Friday, December 9, 2011

Breaking Down: The Efficient Assassin, or how Marcus Denmon does his damage

Past Breaking Downs:

- What is the Michigan system?
- How Jared Cunningham defended John Jenkins
- The breakdowns in the Pitt defense

NEW YORK - I am a believer in advanced statistics. But I'm not a 'stat geek'.

There is a difference.

I don't think that numbers can tell you the whole story. Yes, using the stats generated by Ken Pomeroy or Synergy Systems can be extremely enlightening, their value is diminished incredibly when they aren't taken in context with what actually happens on the court. For example, using Kenpom's efficiency numbers, Drew Wiley from Boise State and Tyrus McGee from Iowa State are the two most effective players in the country, but you are a truly dedicated hoop head if you know who those two kids are.

Another example? Missouri's Ricardo Ratliffe. He's the most efficient high-major post player in the country, sitting above the likes of Jared Sullinger, Thomas Robinson and Anthony Davis. But I don't think he would be one of the top 15 big men selected if we were to do a draft. What makes him so efficient is that he shoots a ridiculous 77.3% from the field (he's made 30 of his last 32 attempts), but if you watch Missouri play, the majority of Ratliffe's buckets are coming off of assists from his dynamic back court of Michael Dixon and Phil Pressey.

When the ball is given to any capable 6'9" big man in front of the rim, he's not going to miss many of those shots.

That brings us to Ratliffe's Missouri teammate, sharp-shooting two-guard Marcus Denmon, who is fourth in the Player of the Year race according to the guys at CBS and dubbed a first-team all-american by Luke Winn. Denmon's numbers alone are impressive -- he's averaging 21.3 ppg and 5.6 rpg while shooting 50% from three (seven attempts per game), 54.3% from the field overall and 89.3% from the line.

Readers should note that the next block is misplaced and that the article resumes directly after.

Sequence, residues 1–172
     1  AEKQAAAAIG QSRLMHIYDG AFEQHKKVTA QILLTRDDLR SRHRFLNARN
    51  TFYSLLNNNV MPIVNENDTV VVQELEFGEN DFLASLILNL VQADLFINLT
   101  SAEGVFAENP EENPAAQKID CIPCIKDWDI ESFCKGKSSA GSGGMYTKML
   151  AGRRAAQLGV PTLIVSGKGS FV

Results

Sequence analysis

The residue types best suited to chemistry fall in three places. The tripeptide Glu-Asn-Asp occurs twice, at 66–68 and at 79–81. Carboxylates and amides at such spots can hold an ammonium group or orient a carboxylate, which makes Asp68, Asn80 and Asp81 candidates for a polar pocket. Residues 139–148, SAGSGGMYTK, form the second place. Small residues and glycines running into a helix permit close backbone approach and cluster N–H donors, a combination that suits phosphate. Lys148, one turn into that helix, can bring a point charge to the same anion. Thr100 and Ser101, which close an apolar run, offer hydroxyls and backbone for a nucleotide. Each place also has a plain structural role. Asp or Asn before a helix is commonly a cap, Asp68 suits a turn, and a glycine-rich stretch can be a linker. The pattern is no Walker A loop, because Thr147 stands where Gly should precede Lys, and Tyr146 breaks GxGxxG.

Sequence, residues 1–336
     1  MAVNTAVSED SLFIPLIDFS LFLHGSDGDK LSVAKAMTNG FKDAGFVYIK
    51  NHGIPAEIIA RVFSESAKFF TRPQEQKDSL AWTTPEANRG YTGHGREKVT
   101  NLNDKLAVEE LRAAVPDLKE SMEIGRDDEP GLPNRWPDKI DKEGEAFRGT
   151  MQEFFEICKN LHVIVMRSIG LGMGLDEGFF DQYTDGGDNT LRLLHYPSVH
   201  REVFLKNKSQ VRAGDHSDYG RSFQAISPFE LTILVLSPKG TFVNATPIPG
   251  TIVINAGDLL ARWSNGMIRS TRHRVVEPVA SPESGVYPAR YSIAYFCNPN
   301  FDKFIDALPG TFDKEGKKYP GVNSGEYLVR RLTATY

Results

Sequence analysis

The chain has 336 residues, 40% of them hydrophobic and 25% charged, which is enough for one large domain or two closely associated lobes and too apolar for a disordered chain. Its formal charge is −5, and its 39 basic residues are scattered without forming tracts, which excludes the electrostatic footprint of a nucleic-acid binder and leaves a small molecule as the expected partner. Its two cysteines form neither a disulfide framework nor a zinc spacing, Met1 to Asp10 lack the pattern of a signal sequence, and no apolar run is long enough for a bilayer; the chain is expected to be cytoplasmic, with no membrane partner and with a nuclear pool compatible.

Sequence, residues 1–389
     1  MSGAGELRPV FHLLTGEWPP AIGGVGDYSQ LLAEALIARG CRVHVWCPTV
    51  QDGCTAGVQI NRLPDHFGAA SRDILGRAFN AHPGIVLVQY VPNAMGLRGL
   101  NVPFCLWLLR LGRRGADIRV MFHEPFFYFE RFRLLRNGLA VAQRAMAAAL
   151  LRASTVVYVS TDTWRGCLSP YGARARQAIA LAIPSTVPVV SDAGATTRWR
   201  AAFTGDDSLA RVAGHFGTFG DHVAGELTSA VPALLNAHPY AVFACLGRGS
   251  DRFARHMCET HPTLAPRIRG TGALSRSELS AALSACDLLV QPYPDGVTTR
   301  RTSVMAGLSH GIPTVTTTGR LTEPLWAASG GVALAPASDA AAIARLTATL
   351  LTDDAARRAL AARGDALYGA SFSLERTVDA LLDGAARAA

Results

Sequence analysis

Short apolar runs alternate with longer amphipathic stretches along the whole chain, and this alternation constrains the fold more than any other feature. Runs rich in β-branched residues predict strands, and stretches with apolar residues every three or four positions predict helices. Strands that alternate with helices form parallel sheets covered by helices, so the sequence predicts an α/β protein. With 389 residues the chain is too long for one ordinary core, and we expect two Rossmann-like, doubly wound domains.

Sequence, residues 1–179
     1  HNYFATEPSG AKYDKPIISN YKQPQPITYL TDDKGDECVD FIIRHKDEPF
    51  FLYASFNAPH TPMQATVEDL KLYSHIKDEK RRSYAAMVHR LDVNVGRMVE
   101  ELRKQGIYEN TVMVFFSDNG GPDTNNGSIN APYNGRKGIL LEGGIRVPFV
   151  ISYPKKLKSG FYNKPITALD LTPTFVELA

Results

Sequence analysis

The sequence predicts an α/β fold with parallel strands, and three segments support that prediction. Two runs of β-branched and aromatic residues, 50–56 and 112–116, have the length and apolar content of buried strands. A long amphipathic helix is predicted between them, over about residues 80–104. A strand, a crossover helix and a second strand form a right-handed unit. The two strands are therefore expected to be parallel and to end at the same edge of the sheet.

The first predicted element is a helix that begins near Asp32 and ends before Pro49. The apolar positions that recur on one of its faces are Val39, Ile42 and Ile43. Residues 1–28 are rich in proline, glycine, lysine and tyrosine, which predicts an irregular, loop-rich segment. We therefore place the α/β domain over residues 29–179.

He's also the third-most efficient player in the country with an offensive rating of 147.3, according to Kenpom. That efficiency number becomes all the more impressive when you consider the fact that his performance against Villanova -- 28 points, 10-16 shooting from the field, 6-9 from three -- actually dropped him from being considered a "major contributor" to just a "significant contributor" to Missouri's offense. Think about that. (A major contributor has a usage rate between 24-28%, while a significant contributor is the range 20-24%.)

The most efficient major contributor with Denmon's drop is now Jarrod Jones of Ball State, whose offensive rating is 134.4.

All told, those numbers made me ask why. What is Denmon doing that makes him such a potent offensive weapon? Why is he a guy that both stat heads and more traditional hoop junkies think so highly of?

Denmon is, first and foremost, a catch-and-shoot player. According to Synergy, 50.6% of his shots -- 59 of 106 -- have been of the catch-and-shoot variety, with 79.7% (or 47) of those coming from beyond the arc. Denmon is scoring 1.468 PPP on catch-and-shoot jumpers, and that number rises to 1.548 PPP in a spot-up situation. (34.4% of his possessions-used come as a spot-up shooter. The difference between spotting and catching-and-shooting is that you can take a catch-and-shoot jumper on the move.)

Where Denmon is the most dangerous is in transition simply because he is so good at running from defense to offense. As soon as Missouri gains possession -- sometimes even earlier, if Denmon is able to anticipate who is going to get the rebound -- he's of and running. He understands how to stay wide and create space between himself and the transition defender.

Here's a perfect example. As soon as Phil Pressey grabs the rebound you can see Denmon, at the bottom right of this picture, taking off (click the picture to enlarge):

Pressey pushes the ball and recognizes that Villanova's defenders are all packed into the paint, so he kicks the ball to Denmon, who drills the three:

Mike Anderson may no longer be at Missouri, but that doesn't mean that the Tigers are afraid to get out and run in transition. In fact, they are running more and doing it better than they did last season: in 2010-2011, 17.7% of Missouri's possessions came in transition, when they scored 1.175 PPP. This season, 20.4% of their possessions have been in transition with an average of 1.18 PPP.